Dr. Whirlow gave me my wings back today. I can fly, as long as I wear a compression sock. I can do many familiar yoga poses, including pose of the child, because I am externally rotated in the hip when I do it (everyone is). I cannot: touch my toes with my legs straight, internally rotate my hip joint, pull my knee into my chest, cross my legs at the knee. This may be forever. This means I can't do "cow-face" pose.

I asked why I still limp and have some pain. She told me I ought to watch a hip surgery so I could see and understand what I have gone through. She said I was "cerebral" enough to understand.

Short version: I am doing too much. What a surprise. As more and younger Type A people have hip replacements, the doctors and PTs are going to see this again and again -- people who are not just thrilled to be out of paibn, but want to be NEW.

I guess I can't expect to walk perfectly at six weeks after collapsing into my hip for the better part of a year. And at this stage of the rehab, I should be doing more pool and less treadmill and bike. (This comes on the heels of a morning in which my new puppy ate the waterproof MP3 player that I was using to listen to podcasts while walking in the pool. It was a Christmas gift from Chelsea, but since we both love dogs we pardoned the puppy and I ordered another one.)

When I went this afternoon for the six week checkup, Dr. Whirlow looked at my still-swollen leg and told me it might be swollen for a year. Who knew? She looked for a clot as the cause, couldn't find one (she made me tense my calf muscle and asked it if hurt), and decided the swelling fell under "normal." She said it should be treated. Was I elevating it? No, no one really told me to do that. Was I receiving lymphedema massage from the physical therapist? No. I told her the physical therapist was working on helping me stretch my piriformis, which the PT thought was the source of some of my pain.

"You don't have a piriformis anymore," Dr. Whirlow responded. " I sent it to pathology. That's where I insert my chisel (or some tool like that)." What a revelation -- no piriformis on the left side!

So I am changing physical therapists. This is good news to me, because I thought the PT wasn't helping. And I am starting to go to a trainer who will help me work on my gait. I feel like a dog going through agility training.

Dr. Whirlow also said that it takes a year and a half to regain all function if you don't do the physical therapy. The therapy speeds it up a lot, but you can see where she's coming from. It's not a simple rehab.

Oh, and I need to walk more slowly.

And we will collaborate on a pamphlet of yoga poses for people who have had hip replacements. This is long overdue.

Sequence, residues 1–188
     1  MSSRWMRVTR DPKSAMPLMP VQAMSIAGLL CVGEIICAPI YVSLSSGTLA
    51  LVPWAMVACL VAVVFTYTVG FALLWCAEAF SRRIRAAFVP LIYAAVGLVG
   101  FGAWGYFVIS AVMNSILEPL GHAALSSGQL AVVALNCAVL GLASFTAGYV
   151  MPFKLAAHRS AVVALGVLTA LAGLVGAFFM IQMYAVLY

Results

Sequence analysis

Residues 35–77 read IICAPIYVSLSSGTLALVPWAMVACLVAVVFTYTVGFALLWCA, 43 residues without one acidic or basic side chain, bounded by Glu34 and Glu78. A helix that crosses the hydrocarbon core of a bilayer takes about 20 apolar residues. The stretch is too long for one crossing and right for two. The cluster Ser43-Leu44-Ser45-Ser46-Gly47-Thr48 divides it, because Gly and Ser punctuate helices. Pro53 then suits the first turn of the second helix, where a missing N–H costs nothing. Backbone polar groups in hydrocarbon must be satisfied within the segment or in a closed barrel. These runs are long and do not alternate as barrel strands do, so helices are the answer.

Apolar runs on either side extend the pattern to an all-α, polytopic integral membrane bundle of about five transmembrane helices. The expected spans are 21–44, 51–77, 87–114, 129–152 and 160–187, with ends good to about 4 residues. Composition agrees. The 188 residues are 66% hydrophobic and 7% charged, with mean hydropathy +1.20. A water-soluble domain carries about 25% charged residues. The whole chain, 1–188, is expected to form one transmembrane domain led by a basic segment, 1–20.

04 January 2007

The X-Ray

OMG, I got the X-ray of my new hip yesterday.  There it is, gleaming in there like the solid citizen it is, in sharp distinction to the other side of my pelvis, where my own right hip languishes in shadows and shards. There's nothing wrong with my right hip -- it's just not titanium and ceramic.  It's pretty amazing to get a glance at a foreign body in your body, especially since I don't FEEL anything different now that the incision has healed.

Yesterday I read the blog of a football coach who had both hips replaced and blogged about the second one at www.geezerjocks.com. When he described his exercise routine after the surgery I almost fainted.  He lifted heavy weights almost immediately, which amazed me. And he was walking long distances, too. Eeek. So I went to the gym twice in twelve hours, last night and this morning.  And I'd better take the dogs somewhere tonight, too.  Gotta catch up!

03 January 2007

It's the Psoas, stupid!

Before I had my hip replacement, Jeff Martens (one of my favorite yoga teachers) , came to visit me. He brought with him a book about the muscles involved in yoga, and somehow we got into a big discussion about the psoas. In yoga, the psoas is known as the place where people hold unpleasant emotional memories. Clearly, before my surgery, my psoas had gotten so tight that I couldn't extend my left leg flat on the ground while laying on my back. Jeff's thought was that the holding in my psoas represented a failure to deal properly with the grief from both my mother's and my husband's deaths six months apart --which I tried to shove under the rug because I was working for Intel at the time.

But after my surgery, I'm still in pain when I try to bear weight on my left leg. And where? At the site of the psoas.

I had asked my physical therapist why I still limped when I tried to walk without the cane, and she merely dismissed me as too early in the process. However, I disagreed, and today when I went into the PT place I saw a different therapist. This therapist tagged it immediately: my psoas was still contracted. She spent most of the therapy releasing it, and at the end of the session, I walked with almost no limp! This is promising.

02 January 2007

I see a difference (again)

Every once in a while I make a leap (well, figuratively) forward and I'm re-energized for rehab.  This morning I walked almost effortless up the steps to the main gym floor, and I left my cane in the car altogether.  Now it wasn't pretty, but it worked.

The gym had an after-New Year's special: free body fat calculations. All my life I've thought of myself as muscular, so I submitted to the test.  Lo, I was declared to be 33% body fat.  Damn! I know that's not a really accurate measurement, but it's not far off what my fancy Tanita scale says, so I must be in worse shape than I thought after this surgery. That's something we never think about: what a couple of months of relative inactivity can do to all those calculations.

So I went to the Internet and looked up what someone my age should be.  First of all, they stop calculating after age 55. Everybody 56 and up is lumped into the same group. Ideal for women my age is 26.5-31.3. Average is 31.3-36.3. So I'm on the low side of average, only the average American is overweight and overfat.

As soon as I see Dr. Whirlow and she lets me, I'm gettin' a trainer.  These goldens aren't doing it for me :-)